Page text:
# 3. Create Stories to Remember

Because my dyslexia prevents me from hearing the phonemes in words — that is, distinguishing a ‘p’ sound from a ‘b’ sound, for example — learning new spelling or vocabulary words has always been difficult, especially in advanced science and English classes. One of my solutions was to develop mnemonic techniques that helped me retain definitions, phrases, and formulas. These strategies might include silly songs, rhymes, or stories, such as one I created to recall the definition of “flagellum."

This appendage is a long, whiplike structure that helps unicellular organisms move. I memorized this science vocabulary word by imagining flags whipping in the wind, bringing to mind air movement. I would, in turn, visualize flagella as tiny flags helping an organism move around. When I was taking the test, I would remember this visual aid and its association with movement to enable me to identify the correct definition of the word.

# 4. Organize the Workspace

Help your teen learn how to prepare her physical environment as well. Having a distinct space with few distractions and little background noise helps many dyslexic teens remain focused. For visual learners in particular, clutter may make it difficult to concentrate and stay on task, but having a specific place to post reminders, such as a whiteboard calendar installed next to a desk, can ensure that valuable information and appointments are not mixed up.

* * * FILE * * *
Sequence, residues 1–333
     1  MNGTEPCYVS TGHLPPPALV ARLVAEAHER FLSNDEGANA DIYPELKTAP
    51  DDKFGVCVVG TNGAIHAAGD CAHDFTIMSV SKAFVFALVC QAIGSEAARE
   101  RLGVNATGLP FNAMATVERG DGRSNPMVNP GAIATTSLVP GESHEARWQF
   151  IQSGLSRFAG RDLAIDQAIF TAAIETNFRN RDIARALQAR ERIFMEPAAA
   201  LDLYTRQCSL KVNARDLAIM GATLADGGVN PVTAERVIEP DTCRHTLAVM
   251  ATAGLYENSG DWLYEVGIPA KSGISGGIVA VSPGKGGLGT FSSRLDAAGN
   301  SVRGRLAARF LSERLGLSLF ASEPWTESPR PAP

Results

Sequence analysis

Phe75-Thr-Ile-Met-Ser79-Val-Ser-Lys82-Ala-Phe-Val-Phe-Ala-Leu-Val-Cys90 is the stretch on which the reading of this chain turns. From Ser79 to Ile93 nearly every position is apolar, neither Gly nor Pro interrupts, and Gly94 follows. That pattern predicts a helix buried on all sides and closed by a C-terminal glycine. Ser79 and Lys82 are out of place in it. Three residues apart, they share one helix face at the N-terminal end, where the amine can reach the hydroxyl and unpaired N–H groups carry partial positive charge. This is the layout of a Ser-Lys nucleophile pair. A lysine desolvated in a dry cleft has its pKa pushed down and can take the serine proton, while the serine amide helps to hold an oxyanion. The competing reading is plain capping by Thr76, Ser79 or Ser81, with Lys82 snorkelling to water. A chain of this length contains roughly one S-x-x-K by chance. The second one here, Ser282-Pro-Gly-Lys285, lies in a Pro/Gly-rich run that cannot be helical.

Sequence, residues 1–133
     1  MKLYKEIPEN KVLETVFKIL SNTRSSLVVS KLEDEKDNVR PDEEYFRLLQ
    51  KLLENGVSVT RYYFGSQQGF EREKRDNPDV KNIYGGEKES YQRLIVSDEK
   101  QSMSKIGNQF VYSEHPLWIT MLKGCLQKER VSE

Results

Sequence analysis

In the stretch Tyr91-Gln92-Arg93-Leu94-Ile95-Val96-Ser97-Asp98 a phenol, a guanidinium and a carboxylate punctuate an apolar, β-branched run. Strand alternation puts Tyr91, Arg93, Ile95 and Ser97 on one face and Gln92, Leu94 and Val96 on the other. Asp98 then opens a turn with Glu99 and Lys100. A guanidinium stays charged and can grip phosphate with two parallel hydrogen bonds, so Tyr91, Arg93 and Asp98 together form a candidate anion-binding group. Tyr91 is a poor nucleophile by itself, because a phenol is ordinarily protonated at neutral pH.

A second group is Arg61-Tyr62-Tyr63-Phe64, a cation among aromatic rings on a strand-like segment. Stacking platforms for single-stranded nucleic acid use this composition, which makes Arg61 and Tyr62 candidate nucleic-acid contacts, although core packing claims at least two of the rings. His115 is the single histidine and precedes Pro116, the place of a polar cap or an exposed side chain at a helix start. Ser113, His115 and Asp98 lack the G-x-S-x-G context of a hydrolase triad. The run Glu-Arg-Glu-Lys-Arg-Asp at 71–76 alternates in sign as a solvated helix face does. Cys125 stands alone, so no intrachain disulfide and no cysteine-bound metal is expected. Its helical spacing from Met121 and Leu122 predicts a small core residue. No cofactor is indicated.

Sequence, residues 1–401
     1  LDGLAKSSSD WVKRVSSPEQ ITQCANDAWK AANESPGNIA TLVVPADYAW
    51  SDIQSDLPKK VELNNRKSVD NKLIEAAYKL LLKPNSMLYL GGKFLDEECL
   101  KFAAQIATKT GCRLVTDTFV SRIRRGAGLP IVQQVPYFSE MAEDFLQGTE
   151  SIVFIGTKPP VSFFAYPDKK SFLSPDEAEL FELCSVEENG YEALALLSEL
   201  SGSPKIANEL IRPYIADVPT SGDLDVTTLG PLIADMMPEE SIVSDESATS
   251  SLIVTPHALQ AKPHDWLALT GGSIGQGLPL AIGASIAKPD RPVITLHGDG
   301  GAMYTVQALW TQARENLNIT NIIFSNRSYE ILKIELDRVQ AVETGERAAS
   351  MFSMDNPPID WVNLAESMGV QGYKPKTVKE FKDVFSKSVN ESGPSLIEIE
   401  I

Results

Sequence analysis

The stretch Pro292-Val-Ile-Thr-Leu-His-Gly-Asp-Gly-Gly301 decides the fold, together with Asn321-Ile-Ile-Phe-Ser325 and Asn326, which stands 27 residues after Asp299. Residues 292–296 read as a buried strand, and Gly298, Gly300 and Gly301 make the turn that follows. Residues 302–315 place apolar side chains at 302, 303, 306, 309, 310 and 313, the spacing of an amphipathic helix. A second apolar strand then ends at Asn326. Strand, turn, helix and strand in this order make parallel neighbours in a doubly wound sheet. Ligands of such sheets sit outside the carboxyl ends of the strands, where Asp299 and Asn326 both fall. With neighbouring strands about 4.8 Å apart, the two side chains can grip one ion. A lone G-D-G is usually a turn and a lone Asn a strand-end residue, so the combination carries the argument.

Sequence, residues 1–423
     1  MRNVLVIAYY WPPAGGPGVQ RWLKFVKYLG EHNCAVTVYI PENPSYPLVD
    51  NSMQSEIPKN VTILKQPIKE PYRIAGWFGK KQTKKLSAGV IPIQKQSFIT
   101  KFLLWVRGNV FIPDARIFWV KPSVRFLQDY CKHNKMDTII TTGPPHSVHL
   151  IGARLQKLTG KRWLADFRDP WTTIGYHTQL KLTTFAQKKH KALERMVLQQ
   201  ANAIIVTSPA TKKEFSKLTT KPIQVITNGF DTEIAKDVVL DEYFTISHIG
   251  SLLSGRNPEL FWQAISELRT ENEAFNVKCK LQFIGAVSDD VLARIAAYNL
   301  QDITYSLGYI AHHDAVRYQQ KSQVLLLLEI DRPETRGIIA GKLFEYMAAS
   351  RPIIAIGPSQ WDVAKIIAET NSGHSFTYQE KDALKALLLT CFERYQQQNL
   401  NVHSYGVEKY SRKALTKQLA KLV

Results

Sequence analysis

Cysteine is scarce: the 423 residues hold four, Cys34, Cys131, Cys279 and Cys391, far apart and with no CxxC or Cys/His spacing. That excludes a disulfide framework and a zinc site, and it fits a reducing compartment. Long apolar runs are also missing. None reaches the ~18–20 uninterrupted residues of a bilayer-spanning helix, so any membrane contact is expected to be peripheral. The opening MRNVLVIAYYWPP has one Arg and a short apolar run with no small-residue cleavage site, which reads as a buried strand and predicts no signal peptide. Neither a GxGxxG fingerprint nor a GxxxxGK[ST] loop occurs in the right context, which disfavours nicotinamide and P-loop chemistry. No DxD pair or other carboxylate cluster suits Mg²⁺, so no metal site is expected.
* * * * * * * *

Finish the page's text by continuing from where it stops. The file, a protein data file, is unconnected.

Encourage your high schooler to test different organizational systems, including digital, erasable, and paper calendars. For instance, large whiteboard schedules can help her see the big picture and allow her to plan effectively for future projects and tests. By using different colored markers for tests, quizzes, and extracurricular activities, she’ll be able to keep these responsibilities distinct from one another.

Paper clips and sticky notepads are essential in our house. Before using these supports, my son often forgot to turn in school work or ask his teacher a question. Now, though, he is learning how to keep his homework together and write reminders to himself on the sticky notes; he simply places the reminder beside a question or writes in big letters “Turn In!" on sticky notes that he affixes to his assignments.

# 5. Study with Buddies

Encourage your high schooler to find a study partner or form a group to prepare for tests, midterms, and finals. Throughout my education, I had classmates I could call for help or ask questions if my notes did not make sense. Most dyslexics distill verbal or visual information quickly, and indeed, I sought out classmates who could summarize class notes in a similar manner. I learned early that finding peers whose study habits were in sync with mine was more effective than trying to adapt my approach in ways that were at odds with my dyslexia.

Learning new information in school and preparing for tests requires more than studying the subject matter. Creating an organizational system that helps your high schooler keep her work together and completed on time is important. And, of course, being able to manage time effectively and submit assignments when required are essential skills for succeeding in college.

Preparing your student for college? Be sure to check out the college search feature to find schools that your families' needs, as well as other expert-written articles, such as, 3 Questions to Ask About College Disability Services.